Should Philosophy of Religion Be Ended?


According to Peter Boghossian, John Loftus, James A. Lindsay, Jerry Coyne, and others, the academic discipline known as Philosophy of Religion has no legitimate place in a modern secular university. Now our friend over at the Skeptic Zone blog, IM Skeptical, has joined their ranks. Taking a paper by James N. Anderson and Greg Welty, "The Lord of Non-Contradiction: An Argument for God from Logic," as emblematic for the entire discipline of Philosophy of Religion (or PoR), he proceeds to critique their argument and draw this grand conclusion: "It [theistic philosophy] is entirely based on theistic assumptions. It does not provide any assurance that those assumptions are true. Those assumptions are never properly justified."
 
Now I certainly would not accept Skeptical's critique as valid. For example, he disputes Anderson and Welty's premise, "The laws of logic are necessary truths" on the grounds that, well, no one knows what is possible and what is not. A world in which logical truths are not necessary truths "would be," he says, "a world of chaos (by our standards), but does that mean such a world can't possibly exist? I don't know, and neither does anyone else, despite any claims to the contrary." But Skeptical's brash denial of the premise that logical axioms are necessarily true misses the point. The whole purpose for the philosophical notion of modal logic and possible worlds is to ascertain what may be possible or necessary according to the rules of logic. Clearly if there is any world at all that is "not possible," it's one in which the rules of logic do not hold!
 
Given Skeptical's premise, then, he has no basis for asserting it, for the very reason that our world – according to his premise, not mine – may in fact be a world in which logical truths do not hold necessarily. We may think that arguments in which the premises are true and the conclusion follows from them are sound, when actually they are not – but of course that's just the sort of thing to expect of an illogical world. In an illogical world, what would appear chaotic ("by our standards") in a logical world might well appear logical instead. Propositions that are actually false would appear true, and vice-versa. In short: If logical truths aren't true in every possible world, there's no possible means of determining whether or not they are true in ours.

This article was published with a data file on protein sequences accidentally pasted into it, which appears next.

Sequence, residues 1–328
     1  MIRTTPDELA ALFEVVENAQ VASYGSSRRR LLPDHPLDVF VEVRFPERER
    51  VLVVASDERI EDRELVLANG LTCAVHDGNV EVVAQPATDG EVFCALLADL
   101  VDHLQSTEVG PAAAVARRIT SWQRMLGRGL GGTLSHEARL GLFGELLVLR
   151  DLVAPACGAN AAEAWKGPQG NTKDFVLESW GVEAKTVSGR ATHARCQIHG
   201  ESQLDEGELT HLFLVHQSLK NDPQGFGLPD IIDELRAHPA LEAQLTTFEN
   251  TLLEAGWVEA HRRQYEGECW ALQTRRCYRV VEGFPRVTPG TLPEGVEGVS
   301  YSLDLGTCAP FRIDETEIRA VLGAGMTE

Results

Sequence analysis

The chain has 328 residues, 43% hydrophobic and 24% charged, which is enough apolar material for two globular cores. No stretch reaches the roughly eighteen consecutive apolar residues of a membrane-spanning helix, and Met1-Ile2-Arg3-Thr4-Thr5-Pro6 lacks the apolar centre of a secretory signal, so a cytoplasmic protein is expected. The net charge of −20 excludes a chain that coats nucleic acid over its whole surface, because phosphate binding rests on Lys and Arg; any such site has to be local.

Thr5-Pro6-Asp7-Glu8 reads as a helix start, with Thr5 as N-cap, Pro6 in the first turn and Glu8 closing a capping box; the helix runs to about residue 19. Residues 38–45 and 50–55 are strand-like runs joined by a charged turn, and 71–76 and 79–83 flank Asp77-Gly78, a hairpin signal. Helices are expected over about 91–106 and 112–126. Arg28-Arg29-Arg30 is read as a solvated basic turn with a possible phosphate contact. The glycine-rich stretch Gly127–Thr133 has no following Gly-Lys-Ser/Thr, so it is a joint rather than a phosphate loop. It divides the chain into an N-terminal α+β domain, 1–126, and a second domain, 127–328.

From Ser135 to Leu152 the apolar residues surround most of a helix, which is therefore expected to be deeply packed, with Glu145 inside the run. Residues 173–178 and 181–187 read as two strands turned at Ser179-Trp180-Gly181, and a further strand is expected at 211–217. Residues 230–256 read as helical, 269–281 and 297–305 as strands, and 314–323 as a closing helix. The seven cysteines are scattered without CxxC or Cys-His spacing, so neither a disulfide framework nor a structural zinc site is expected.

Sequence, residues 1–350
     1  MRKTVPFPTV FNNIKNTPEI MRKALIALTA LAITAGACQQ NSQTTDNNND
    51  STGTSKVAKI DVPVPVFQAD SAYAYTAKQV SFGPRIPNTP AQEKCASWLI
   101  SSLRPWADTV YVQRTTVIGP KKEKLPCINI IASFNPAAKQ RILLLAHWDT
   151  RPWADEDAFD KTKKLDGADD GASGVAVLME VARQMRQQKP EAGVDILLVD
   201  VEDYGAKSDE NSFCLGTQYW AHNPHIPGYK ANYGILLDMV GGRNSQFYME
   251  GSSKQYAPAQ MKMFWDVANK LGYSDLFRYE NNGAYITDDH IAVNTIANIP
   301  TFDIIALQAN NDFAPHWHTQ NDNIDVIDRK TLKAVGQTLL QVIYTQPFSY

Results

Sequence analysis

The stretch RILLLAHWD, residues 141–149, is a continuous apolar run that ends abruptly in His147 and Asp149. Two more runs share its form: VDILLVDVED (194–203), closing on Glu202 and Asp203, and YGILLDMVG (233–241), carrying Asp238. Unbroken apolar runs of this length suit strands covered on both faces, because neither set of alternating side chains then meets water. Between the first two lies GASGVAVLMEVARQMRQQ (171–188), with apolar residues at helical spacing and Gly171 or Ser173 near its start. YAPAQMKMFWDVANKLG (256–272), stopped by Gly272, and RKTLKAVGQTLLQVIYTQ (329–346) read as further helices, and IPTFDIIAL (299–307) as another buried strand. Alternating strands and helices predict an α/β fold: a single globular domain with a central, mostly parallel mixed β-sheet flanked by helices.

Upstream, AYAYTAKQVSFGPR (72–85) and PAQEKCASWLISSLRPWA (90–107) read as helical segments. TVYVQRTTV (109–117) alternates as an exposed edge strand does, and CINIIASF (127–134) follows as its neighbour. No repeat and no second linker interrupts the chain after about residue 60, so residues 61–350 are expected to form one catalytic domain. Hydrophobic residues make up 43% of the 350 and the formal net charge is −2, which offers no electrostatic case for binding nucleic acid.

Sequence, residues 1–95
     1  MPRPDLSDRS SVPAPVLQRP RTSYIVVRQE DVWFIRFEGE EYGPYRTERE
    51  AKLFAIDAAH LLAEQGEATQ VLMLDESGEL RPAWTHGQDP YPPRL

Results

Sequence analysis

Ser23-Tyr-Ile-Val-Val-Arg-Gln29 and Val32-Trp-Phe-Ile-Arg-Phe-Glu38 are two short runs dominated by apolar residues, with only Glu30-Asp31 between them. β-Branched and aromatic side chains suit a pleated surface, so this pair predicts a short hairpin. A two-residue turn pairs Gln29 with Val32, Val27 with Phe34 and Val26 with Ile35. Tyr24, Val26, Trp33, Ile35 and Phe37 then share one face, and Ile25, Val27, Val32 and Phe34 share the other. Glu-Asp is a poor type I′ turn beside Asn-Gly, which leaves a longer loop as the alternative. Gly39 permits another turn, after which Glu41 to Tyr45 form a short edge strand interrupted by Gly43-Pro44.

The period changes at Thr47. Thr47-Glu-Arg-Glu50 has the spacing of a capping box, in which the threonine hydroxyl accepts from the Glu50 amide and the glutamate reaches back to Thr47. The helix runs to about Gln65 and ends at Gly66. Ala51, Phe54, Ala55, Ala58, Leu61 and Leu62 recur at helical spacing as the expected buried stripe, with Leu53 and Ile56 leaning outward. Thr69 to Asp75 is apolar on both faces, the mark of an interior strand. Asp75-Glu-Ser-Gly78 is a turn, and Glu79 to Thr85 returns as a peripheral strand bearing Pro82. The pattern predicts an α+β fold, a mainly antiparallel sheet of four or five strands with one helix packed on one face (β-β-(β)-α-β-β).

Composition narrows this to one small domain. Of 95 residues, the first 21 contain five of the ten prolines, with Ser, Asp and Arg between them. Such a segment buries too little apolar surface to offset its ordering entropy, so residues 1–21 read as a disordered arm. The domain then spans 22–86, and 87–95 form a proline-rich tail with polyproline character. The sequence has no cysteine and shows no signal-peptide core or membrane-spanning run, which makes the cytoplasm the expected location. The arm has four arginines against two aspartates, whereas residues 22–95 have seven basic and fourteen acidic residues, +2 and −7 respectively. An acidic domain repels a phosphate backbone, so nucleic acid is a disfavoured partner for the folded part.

Nor would I agree that all the arguments by theist philosophers of religion are "based on theist premises." Take Plantinga's now-famous "free will defense," acknowledged widely by philosophers theist and atheist alike as an effective response to the logical argument from evil: The free will defense is actually based on atheistic premises, as laid out by noted unbelievers such as Epicurus, Hume and J.L. Mackie. Plantinga merely points out that the set of premises supporting the argument from evil as a reductio ad absurdum are not, strictly speaking, logically contradictory, and therefore the reductio fails. He then proposes human free will as one possible reason God might have for permitting evil.
 
But stepping back from Skeptical's atheistic world of logically impossible possibilities, and from the theistic world of plain old-fashioned logical possibilities, to the issue at hand: Skeptical's larger point seems to be that PoR, as practiced by Christian theists, amounts to a large and expensive exercise in question-begging apologetics. I don't think that's true but let's say he's right. I would think that if this were really the case, the various atheist, non-theist and non-Christian philosophers within the discipline of PoR could simply point that out, or at least could point out the many instances of question-begging. Indeed the discipline is largely dedicated to exploring just those sorts or arguments. Meanwhile, either religion is worth arguing or it's not. My message to the critics of PoR is this: If religion is not worth arguing about, then by all means don't argue about it. But if you argue about it, expect counterarguments. I say that only because it seems to me as if the atheist critics of PoR are more than willing to make grand pronouncements about religion being indefensible, but are not willing to defend those very pronouncements. Or at least I can imagine no other reason why they would be moving to do away with PoR in the first place.
 
 

Comments

im-skeptical said…
Atheist PoRs (like Parsons and Oppy) agree that theistic arguments are bad. The difference between them and me is that they think teaching bad philosophy is OK.
Joe Hinman said…
Boghozzian is a extremist, practically a nazi, Loftus is an idiot.
Joe Hinman said…
This comment has been removed by the author.
Joe Hinman said…